Both males and females have a distinct genome that is interpreted to produce a neural network that governs its actions. Thus, this is a GA application in which each gene in the genome contains an 8-bit integer value corresponding to the connection strength of each unit in the neural network of the animal. This network is a recurrent network in which all hidden nodes are completely interconnected and can feedback to themselves. All individuals have coding in the genome to be both male and female, and the sex of the animal determines which part of the genome is interpreted to create the neural network (different for females and males).

What happens in a simulation is this: a female ``spots'' a male using an eye that can sense the location and orientation of nearby animals. This creates activation of her neural net and produces a pattern of activation of her output units, which is translated as a sound by any males that might overhear her. This sound serves as input to the male, activates his neural net, and results in outputs that are interpreted as moves. In this simulation, females have three-bit outputs (hence 8 different possible sounds).


In the initial phases of the run, males and females behaved randomly: females emitted random ``sounds'' for the males to hear, and males moved in random directions. Over time, the males started demonstrating strategies: agents who stood still were selected against, and those that continuously walked in straight lines, maximizing the area they covered, were selected for. At this point, there was no effect of the signals females sent; indeed, males who paid attention to those were usually selected against, since there was no consistent communication system between females. Thus, what worked for one was unlikely to work upon encountering another one.

After enough males began incorporating this straight-line strategy, more and more males began to pay attention to the females. This is almost certainly because, given that all of them were incorporating an optimal non-communicative strategy, increased fitness could only be possible by endeavoring to communicate. As more males paid attention to females, there was pressure on females to send signals that were likely to be interpreted correctly. Thus, over time, a stable system of communication began to emerge.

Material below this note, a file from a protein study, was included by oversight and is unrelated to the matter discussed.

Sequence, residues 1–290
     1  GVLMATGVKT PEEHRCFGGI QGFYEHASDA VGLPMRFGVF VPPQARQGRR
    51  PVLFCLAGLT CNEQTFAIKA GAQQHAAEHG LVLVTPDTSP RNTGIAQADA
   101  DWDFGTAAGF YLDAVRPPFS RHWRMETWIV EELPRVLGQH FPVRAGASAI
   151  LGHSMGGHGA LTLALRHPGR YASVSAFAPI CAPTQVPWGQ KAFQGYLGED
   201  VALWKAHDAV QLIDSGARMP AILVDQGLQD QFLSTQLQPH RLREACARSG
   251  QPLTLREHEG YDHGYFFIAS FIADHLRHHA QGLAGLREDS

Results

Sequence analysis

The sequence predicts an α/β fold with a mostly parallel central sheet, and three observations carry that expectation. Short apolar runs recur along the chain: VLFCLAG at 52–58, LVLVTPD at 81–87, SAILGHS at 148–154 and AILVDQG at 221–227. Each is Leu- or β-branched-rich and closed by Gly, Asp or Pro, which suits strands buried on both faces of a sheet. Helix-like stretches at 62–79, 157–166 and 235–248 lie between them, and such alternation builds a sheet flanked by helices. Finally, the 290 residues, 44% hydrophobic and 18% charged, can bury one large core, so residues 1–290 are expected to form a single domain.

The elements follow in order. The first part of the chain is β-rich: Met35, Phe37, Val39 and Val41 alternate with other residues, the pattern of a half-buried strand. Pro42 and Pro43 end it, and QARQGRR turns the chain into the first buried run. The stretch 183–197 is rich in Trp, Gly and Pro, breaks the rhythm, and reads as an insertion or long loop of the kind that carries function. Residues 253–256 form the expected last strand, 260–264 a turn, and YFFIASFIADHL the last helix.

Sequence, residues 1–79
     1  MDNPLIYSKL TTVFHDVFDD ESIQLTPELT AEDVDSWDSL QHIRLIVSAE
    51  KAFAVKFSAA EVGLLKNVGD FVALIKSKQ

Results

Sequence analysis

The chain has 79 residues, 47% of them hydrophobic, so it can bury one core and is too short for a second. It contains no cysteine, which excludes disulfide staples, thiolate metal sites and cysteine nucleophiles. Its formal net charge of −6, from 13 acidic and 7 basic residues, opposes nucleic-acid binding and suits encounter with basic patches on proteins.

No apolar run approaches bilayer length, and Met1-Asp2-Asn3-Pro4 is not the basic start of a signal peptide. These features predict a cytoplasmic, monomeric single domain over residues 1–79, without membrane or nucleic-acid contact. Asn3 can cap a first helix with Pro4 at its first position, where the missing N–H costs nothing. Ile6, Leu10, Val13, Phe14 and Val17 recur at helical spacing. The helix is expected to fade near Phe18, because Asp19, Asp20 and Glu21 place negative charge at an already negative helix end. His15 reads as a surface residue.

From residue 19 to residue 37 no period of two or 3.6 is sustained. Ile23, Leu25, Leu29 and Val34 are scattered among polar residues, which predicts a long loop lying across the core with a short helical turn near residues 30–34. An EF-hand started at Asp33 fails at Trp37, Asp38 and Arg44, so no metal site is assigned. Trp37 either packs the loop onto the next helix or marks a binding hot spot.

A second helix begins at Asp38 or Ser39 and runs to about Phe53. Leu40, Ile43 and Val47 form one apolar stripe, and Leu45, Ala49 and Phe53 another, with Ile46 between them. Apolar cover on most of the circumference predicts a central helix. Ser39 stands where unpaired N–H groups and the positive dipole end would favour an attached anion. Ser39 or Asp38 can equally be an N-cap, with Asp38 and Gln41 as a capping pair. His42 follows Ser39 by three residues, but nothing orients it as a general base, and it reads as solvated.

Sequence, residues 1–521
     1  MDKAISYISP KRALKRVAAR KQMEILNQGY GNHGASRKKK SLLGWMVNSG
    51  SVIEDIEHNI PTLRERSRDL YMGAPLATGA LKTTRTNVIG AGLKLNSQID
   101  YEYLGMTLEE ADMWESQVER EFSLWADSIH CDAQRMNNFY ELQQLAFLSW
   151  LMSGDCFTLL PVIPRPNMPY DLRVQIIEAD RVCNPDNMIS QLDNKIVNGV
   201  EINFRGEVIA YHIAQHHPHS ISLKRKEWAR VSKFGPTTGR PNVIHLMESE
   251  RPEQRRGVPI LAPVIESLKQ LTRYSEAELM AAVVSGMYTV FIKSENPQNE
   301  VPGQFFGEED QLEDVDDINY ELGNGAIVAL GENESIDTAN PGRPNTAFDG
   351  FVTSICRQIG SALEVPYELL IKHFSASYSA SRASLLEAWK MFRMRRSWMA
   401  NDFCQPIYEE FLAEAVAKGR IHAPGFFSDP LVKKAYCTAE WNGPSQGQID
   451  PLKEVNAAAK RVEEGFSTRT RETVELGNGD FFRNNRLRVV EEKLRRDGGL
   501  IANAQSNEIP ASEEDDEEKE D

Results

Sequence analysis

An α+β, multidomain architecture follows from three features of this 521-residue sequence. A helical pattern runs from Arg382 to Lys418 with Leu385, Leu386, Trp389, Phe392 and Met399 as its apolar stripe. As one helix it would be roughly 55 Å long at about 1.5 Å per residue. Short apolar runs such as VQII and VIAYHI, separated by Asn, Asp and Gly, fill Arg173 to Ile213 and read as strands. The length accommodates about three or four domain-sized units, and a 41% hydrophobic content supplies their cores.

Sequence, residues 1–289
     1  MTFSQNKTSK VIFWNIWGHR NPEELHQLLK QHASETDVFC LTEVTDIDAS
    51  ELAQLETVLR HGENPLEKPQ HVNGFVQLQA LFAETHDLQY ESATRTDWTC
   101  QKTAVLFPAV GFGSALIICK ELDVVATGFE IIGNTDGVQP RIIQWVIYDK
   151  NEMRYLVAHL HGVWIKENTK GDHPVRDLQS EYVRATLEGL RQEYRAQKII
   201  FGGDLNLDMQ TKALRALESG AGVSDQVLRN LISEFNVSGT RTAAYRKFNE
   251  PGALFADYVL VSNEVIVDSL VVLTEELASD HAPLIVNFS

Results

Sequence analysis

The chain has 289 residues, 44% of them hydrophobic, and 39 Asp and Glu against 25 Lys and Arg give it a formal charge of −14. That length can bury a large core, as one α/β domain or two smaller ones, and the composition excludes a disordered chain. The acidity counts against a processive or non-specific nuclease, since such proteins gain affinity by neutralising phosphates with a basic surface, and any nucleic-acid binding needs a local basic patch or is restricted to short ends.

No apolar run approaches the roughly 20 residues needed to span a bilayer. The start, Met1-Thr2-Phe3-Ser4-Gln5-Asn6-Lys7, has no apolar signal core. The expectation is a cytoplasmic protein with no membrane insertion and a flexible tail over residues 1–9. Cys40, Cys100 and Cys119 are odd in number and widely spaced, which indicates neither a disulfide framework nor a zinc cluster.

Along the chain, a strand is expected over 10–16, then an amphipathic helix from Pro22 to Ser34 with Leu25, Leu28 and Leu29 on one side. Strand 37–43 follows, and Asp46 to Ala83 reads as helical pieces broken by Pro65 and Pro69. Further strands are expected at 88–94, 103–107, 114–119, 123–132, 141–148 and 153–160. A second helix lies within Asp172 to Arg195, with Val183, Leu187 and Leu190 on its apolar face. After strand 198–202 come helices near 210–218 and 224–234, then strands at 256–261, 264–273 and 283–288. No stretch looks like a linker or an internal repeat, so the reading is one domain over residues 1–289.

Interestingly, the best males were essentially ``bilingual'', using some of their bits to respond to signals that one dominant subpopulation of females sent, and using the rest to respond to signals from another dominant subpopulation. After a very long time, even these subpopulations converged into one single communication system.

In addition to this basic scenario, Werner and Dyer modeled the creation of dialects by separating agents by the means of barriers. They found that when barriers let approximately 80% of the individuals change sides, dialects tended not to form over the long term; there was enough exchange of genetic and linguistic material to create a single communication system (though it took longer). When barriers were more impermeable, separate dialects did indeed form, with individuals on either side of the barrier converging on their own separate languages.

Discussion and Comments

Though in many ways this study is not a realistic and applicable model of human language evolution, in one respect it is the best of all the ones discussed so far. Unlike the others, communicative fitness is measured only insofar as effective communication helps individuals to succeed at some other task. This type of fitness is probably much more reflective of the effects of selective pressure in the real world.

Another forte of the simulation, in comparison with the other research discussed here, is that it does not pre-equip agents with too many capabilities. At no point is a conversational structure programmed in, except insofar as females emit sounds and males hear them. In other words, there is nothing compelling a back-and-forth exchange reminiscent of dialogue, nor even compelling males to act on the signals emitted my females. Indeed, in the beginning of the simulation they do not act on them. Additionally, unlike all other research reviewed here, agents do not come pre-equipped with sets of meanings. Instead, any meaning that exists in the scenario only results as an emergent property of the task of agents.

However, one potential issue is the nature of the environment that is modeled. Though separating the functions of female and male is an excellent first step in simplifying the conditions of communication, it is highly unrealistic in the real world. One of the difficulties in managing communication among humans, in fact, involves how to manage the alternation between listener and speaker.